The Haunted House

By Todd Harrison  OCT 31, 2007 8:09 AM

Tricks and treats. Misses and beats. Is it any wonder that investors are looking for the miracle of clarity?

 


“ We’re all confused with what’s to lose. You can call this song the United States Blues.”
Grateful Dead



There was always something extremely cathartic about attending Grateful Dead shows. Regardless of the disparate socioeconomic backgrounds or financial standing, we all danced to the same beat. And if we got confused, we just closed our eyes and listened to the music play.

Such is the theme on Wall Street these days as credit concerns and structural missteps have morphed into a colorful collection of positive energy. As investors dance and shake their bones with the politicians throwing stones, the bears have been left to wonder if the ashes, ashes will fall down.

Despite massive misses and multi-billion dollar write-downs from Citigroup (C), Merrill Lynch (MER), UBS (UBS) and a slew of other financial heavyweights, we’ve gotten encouraging news from tech titans such as Microsoft (MSFT), Google (GOOG), Apple (AAPL) and Intel (INTC).

Tricks and treats. Misses and beats. Is it any wonder that investors are looking for the miracle of clarity?

Perhaps it’s apropos that the FOMC is meeting as ghosts and goblins gather for Halloween. Skeletons are scattered throughout the Street but investors seem far more focused on the potential year-end sugar rush. And fund managers? They’re looking to dress up their portfolios and bury losers deep into the night.

One of the first lessons I learned in this business was that reaction to news is more important than the news itself. The market is a discounting mechanism where headlines are best at the top and the worst at the bottom. It’s the fatal flaw of fundamental analysis and why trading is more of an art than an exact science.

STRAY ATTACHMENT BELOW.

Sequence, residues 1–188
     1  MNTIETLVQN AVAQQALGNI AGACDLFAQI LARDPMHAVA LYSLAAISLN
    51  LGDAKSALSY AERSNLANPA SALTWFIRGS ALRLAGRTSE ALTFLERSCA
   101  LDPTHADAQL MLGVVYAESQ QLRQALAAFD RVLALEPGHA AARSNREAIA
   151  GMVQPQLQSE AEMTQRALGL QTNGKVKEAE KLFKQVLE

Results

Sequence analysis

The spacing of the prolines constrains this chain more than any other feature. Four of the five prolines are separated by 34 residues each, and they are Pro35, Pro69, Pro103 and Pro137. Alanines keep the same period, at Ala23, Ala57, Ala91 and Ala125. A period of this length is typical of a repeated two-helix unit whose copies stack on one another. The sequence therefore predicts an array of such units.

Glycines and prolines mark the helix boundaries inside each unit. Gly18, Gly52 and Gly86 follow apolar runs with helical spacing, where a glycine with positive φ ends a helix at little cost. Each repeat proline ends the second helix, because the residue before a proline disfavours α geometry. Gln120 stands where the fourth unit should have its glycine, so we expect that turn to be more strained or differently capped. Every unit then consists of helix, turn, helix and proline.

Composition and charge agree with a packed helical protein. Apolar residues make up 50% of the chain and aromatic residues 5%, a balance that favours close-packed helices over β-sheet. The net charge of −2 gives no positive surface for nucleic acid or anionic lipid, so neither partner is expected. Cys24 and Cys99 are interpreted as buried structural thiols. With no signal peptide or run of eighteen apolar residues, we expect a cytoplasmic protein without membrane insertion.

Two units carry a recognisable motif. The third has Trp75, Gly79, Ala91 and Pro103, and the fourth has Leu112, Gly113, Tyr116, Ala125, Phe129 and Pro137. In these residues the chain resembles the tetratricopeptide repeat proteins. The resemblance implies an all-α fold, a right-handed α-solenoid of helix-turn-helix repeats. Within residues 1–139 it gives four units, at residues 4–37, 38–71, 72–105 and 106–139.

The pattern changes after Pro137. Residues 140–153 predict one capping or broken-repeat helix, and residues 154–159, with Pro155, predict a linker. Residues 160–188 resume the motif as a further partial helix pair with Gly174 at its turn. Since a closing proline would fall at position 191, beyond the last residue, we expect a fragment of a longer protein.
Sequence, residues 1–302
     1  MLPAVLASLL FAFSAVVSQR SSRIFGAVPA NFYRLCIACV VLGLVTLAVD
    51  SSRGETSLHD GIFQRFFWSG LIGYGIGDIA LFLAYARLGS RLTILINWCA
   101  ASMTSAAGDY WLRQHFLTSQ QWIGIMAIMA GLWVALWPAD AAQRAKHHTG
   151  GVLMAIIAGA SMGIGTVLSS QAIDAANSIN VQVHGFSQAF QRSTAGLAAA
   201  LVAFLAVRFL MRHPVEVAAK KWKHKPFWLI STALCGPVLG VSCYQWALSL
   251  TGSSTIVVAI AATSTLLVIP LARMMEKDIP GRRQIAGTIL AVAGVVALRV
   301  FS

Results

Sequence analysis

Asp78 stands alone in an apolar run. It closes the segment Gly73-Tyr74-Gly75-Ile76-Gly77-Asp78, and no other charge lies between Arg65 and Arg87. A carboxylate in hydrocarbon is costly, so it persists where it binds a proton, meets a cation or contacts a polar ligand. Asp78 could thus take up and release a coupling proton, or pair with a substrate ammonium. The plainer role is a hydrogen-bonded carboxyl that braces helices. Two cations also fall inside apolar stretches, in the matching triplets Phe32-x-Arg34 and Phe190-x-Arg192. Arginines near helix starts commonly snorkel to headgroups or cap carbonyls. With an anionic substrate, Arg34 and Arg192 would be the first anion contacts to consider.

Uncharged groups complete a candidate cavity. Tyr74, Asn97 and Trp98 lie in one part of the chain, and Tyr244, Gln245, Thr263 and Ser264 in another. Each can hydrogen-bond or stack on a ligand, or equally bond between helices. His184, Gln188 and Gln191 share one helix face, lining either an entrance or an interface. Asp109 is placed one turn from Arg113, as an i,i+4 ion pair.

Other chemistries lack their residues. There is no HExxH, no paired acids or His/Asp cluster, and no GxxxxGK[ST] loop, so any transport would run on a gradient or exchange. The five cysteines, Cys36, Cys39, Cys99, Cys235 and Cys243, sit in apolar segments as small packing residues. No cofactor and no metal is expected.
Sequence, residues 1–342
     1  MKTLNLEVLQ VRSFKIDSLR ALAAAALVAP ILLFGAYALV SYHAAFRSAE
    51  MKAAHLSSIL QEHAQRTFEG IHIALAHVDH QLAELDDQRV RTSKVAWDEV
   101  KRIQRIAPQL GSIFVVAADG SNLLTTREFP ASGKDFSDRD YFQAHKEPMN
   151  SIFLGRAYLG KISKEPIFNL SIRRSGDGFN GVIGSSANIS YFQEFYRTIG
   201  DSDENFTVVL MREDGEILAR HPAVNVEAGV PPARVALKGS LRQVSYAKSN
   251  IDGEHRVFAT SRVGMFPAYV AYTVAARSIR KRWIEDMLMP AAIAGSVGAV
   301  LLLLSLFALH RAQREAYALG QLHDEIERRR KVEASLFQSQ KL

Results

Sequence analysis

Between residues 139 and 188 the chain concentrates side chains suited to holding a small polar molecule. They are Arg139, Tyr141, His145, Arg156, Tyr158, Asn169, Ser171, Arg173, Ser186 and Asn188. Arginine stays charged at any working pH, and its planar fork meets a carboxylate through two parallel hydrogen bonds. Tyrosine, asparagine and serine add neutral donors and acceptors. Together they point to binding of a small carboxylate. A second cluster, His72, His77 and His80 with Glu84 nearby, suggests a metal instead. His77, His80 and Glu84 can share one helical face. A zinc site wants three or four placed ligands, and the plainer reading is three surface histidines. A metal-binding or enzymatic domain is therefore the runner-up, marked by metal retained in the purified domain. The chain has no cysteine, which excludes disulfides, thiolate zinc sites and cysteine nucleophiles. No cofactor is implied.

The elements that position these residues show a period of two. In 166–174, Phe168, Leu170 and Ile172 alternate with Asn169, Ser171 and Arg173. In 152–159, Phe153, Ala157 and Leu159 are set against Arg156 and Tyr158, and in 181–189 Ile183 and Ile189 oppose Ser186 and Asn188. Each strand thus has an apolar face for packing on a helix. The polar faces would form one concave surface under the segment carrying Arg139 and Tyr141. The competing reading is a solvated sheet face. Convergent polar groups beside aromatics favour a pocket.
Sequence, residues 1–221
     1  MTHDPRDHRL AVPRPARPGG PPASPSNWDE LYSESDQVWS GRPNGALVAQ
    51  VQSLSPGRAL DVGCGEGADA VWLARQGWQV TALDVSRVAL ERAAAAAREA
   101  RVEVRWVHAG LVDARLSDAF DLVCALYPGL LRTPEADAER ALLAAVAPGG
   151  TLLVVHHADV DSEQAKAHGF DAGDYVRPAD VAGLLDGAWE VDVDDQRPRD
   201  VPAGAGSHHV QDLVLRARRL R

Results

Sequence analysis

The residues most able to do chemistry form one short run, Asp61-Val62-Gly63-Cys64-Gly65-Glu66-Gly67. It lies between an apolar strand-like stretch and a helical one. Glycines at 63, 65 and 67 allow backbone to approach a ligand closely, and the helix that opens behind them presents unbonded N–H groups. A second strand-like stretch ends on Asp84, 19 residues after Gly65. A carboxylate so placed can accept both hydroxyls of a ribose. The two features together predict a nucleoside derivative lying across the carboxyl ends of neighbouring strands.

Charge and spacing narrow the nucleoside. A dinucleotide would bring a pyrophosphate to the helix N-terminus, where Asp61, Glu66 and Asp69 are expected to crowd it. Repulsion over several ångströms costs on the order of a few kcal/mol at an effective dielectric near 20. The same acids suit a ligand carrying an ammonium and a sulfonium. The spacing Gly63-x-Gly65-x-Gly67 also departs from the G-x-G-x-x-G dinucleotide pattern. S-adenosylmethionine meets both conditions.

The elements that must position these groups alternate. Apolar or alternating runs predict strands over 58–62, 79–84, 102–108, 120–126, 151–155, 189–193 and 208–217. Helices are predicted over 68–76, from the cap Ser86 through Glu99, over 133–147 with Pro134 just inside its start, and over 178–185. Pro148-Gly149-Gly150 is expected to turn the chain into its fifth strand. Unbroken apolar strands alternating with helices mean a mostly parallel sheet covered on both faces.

It is also why so many smart folks are spun around right now. The credit front is pretty spooky with looming unknowns but the averages remain near all-time highs. Typically when news is scary, as it was in 2003, stocks are deeply discounted and there’s nary a buyer in sight. This cycle, for lack of a better word, has snubbed historical precedence as it twists and turns through the path of maximum frustration.

I was schooled to believe that the financials are leading indicators of the mainstay market proxies, particularly in a finance-based, derivative-laden global market machination. Thus, it stands to reason that we’re either witnessing a historic divergence (as the banks and equities disconnect) or we’re in for a tricky year-end bender.

What’s clear is that changing the costume in the corner office won’t turn the trick. Stan O’Neal, Chuck Prince and Warren Specter are all smart guys that played the same game as everyone else. They just haven’t played it as well as their contemporaries and have been held to task in kind.